Saturday, August 18, 2012

Fun Fact, A Look Ahead 8/18/2012

First off, I have to apologize for getting behind a bit, I have been a bit busy!  I have pushed back (or is it forward?) the promised posts from the last couple of days, so here is today's "A Look Ahead," with what I think is the most interesting "Fun Fact" yet!

Sunday:  Perfume-Loving Lions and Record-Breaking Cheetahs - Lions from the Denver Zoo fawn over the men's perfume "Obsession," while Sarah the cheetah become the world's fastest animal!

Monday:   The Sounds of Star Wars - Chewbacca may look like a bear, but was he voiced by one, too?

Tuesday:  The Salton Sea - Learn about how just a few people in southern California were able to severely alter their natural surroundings.

Wednesday: Learning Latin Roots - Common roots in scientific names in animals, as well as a few interesting and humorous ones!

Thursday:  Fossil Penguins:  Aptenodytes ridgeni and Pygoscelis tyreei - Finding out about more fossil penguins, these closely related to some alive today!

Friday: Animal Spotlight:  The Aye-aye - One of my favorite animals, the aye-aye, is featured in this "Animal Spotlight."

Saturday: The Loch Ness Monster....Fact or Fiction? - Spoiler Alert:  It's Fiction

Fun Fact:  If America didn't attack Japan with atomic bombs in World War II, the Japanese might have come under siege by bat.

Although I originally thought this to be a hoax, it certainly appears as if this is real.  I have found information on it on multiple sources.  And it is actually a brilliant plan too!  Here is what happened:
 On December 7th, 1941, the Japanese attacked Pearl Harbor in Hawaii, bringing the United States into World War II.  When Pennsylvanian dentist Lytle S. Adams heard the news on the radio, he thought back to his trip to New Mexico's Carlsbad Caverns, and their extensive bat population.  He then thought up his idea for the "bat bomb:" strapping small, incendiary devices to thousands, perhaps millions, of bats, and releasing them over a strategic city in Japan.  The bats, as they would anywhere else in the world, would try to find cover in buildings, trees, and whatever nooks and crannies they could find before daybreak.  Then they would ignite the incendiary devices.  "Think of thousands of fires breaking out simultaneously over a circle of forty miles in diameter for every bomb dropped," he said.  Luckily for Adams, he knew Eleanor Roosevelt, and contacted her with his idea.  The White House actually liked it.  Said a Presidential memorandum: "This man is not a nut. It sounds like a perfectly wild idea but is worth looking into."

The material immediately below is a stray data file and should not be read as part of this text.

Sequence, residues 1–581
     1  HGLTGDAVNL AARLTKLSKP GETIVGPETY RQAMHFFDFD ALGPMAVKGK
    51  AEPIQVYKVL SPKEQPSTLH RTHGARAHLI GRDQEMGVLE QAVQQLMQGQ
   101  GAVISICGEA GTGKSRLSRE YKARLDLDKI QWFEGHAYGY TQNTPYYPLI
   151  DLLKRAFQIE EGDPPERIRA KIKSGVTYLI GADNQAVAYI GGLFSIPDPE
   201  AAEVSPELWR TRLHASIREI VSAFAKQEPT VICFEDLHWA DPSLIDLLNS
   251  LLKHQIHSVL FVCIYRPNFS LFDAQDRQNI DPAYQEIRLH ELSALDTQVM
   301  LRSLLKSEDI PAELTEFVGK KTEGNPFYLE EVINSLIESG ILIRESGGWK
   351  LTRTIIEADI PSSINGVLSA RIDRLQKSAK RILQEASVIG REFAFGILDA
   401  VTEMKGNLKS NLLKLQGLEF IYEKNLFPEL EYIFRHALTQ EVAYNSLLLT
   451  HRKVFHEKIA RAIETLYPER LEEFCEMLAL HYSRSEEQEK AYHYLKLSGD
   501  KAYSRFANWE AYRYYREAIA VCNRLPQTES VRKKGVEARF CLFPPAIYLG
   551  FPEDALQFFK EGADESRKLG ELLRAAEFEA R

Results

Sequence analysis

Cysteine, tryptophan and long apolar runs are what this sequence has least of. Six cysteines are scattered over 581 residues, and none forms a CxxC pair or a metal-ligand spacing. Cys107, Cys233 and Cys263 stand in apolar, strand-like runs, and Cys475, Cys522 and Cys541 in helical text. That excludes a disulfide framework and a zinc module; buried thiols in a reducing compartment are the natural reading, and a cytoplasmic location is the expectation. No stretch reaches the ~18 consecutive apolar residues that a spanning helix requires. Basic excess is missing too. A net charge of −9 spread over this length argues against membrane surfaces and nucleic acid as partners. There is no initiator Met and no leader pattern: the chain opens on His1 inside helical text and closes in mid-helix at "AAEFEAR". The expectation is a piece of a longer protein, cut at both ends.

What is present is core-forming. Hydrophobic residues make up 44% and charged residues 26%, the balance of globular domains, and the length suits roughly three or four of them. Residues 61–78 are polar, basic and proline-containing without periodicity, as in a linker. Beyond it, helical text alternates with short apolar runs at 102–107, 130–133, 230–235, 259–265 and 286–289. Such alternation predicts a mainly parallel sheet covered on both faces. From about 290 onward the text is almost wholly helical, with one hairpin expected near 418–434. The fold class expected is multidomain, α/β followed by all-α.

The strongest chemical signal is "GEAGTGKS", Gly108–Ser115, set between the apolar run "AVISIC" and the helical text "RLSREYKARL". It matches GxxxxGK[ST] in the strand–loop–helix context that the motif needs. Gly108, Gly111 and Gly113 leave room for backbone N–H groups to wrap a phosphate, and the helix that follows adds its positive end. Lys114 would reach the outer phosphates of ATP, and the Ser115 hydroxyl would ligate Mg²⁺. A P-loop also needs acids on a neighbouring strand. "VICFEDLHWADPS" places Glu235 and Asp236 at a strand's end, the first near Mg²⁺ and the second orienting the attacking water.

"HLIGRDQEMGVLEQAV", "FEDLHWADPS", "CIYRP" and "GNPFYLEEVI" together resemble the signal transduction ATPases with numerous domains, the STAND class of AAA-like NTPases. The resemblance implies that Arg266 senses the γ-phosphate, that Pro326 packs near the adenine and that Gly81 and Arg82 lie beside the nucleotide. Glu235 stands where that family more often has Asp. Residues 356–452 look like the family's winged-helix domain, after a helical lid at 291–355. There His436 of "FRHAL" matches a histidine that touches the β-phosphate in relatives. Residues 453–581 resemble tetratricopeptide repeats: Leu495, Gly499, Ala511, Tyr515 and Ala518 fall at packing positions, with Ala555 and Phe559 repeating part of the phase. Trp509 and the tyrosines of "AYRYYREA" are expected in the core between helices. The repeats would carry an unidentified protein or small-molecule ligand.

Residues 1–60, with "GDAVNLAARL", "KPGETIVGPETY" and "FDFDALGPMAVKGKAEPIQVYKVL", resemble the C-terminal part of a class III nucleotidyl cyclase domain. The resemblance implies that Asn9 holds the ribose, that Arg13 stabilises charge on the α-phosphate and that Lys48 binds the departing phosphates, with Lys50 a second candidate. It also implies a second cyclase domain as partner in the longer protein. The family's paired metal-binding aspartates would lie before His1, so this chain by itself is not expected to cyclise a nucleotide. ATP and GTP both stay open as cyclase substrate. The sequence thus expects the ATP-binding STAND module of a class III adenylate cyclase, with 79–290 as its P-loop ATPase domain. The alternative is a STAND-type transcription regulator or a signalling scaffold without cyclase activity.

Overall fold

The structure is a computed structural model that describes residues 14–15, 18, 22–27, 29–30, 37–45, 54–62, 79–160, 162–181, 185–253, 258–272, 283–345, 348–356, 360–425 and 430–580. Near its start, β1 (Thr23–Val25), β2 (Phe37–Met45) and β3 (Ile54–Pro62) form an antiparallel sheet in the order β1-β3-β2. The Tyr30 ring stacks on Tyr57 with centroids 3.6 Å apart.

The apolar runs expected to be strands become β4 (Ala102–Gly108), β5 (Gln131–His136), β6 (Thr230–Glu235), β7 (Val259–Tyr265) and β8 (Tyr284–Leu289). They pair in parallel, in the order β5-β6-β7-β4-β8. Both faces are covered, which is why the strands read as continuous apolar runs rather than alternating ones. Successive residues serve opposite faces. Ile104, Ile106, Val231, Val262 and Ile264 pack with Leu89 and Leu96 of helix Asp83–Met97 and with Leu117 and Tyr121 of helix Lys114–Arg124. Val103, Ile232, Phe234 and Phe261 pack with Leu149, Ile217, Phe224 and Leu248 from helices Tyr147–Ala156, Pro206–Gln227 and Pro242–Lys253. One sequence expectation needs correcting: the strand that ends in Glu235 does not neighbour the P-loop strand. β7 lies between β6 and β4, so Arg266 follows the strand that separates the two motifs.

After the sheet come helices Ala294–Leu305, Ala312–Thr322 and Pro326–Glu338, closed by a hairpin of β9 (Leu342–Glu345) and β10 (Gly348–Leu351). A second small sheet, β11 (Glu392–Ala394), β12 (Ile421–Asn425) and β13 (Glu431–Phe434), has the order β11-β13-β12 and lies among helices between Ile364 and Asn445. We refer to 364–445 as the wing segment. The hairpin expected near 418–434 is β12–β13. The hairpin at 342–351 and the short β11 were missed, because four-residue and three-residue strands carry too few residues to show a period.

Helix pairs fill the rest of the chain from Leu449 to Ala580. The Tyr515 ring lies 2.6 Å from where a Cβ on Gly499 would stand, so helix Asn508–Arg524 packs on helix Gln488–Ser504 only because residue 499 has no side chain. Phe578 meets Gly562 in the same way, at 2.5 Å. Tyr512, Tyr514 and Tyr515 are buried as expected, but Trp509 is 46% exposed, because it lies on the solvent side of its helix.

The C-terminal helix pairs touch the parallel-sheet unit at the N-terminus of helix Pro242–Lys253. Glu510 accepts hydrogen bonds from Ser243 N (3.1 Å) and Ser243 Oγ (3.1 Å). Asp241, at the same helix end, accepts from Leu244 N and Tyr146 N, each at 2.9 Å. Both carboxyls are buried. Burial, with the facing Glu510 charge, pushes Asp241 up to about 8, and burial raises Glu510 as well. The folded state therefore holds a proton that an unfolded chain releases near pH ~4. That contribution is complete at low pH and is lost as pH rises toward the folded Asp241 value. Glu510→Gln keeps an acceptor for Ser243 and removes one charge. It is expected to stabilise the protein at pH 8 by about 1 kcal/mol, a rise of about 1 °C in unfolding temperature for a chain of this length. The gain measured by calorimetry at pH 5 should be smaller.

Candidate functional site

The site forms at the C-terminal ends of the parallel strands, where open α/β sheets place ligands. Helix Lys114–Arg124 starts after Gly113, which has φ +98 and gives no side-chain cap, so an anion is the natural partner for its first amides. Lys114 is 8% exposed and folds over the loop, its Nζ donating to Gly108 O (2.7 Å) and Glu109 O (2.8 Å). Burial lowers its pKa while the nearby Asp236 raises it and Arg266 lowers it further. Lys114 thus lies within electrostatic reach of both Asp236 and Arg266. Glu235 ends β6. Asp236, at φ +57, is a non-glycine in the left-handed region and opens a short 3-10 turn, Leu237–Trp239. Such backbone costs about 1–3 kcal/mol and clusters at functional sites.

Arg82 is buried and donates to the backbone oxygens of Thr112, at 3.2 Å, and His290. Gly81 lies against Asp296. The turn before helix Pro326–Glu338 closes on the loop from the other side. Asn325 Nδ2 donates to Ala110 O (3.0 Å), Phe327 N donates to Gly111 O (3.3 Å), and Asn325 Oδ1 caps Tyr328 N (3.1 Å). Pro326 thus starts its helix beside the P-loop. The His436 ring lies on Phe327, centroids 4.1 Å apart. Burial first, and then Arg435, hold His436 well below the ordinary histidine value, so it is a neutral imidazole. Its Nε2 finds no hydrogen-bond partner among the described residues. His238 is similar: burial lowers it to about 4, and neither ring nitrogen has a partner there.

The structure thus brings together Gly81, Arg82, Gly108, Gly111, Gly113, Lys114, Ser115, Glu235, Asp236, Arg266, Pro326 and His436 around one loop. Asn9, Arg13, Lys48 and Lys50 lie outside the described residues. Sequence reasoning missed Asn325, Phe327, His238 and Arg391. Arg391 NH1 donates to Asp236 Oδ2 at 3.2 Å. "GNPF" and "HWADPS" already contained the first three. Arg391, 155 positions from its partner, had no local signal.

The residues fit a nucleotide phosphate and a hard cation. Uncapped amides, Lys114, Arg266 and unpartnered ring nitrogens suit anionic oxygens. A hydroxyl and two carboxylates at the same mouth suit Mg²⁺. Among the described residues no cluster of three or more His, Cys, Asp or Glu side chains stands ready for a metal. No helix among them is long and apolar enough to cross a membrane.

Now, animal rights activists, beware.  Obviously, this plan is not very kind to the animals, and involves all sorts of animal cruelty.  To get the bats shipped, they forced them into a hibernation by sticking them into ice cube trays.  Next, the bats would be loaded into what essentially looked like a bomb-shell, consisting of 26 trays, with each of the trays containing compartments that would hold 40 bats.  Dropped from 5,000 feet, parachutes would deploy at 1,000 feet, all while the bats were awakening from their hibernation.  They would then fly off and roost, and then set the city on fire when the time was right.
Bats were the ideal creatures for this project, too.  They are nocturnal, so the Japanese would be hard-pressed to figure out what was going on.  They occur in simply massive numbers, so obtaining a great deal of them would not be super problematic.  In many caves, bats occur in the millions.  Furthermore, when bats are hibernating, they require no food, and therefore need little care when it comes to cleaning up little messes.  And finally, and perhaps most importantly, bats can carry more than what they weigh in flight, making them the perfect candidates for carrying bombs.  
The plan was to send 10 B-24 bombers, each with around 100 shells chock-full of bats, would fly from Alaska, and release around 1,040,000 bats over the cities of Osaka Bay, such as Osaka, Amagasaki, Hannan, Kobe, Sakai, and Nishinomiya.  However, the weapon experienced a few changes of hand, most notably to the hands of the Navy in August 1943, following an incident near Carlsbad, New Mexico, where bats were accidentally released.  They roosted under a fuel tank, and set fire to Carlsbad Army Airfield Auxiliary Air Base.
The project was ultimately canned in 1944, when it was learned that the bat-bomb project would likely not be operational until about halfway through 1945.  It seems likely that the atomic bomb is what caused the projects termination, even after an estimated $2 million was spent on it.  But who knows?  Perhaps this is REALLY what is going on at Area 51.

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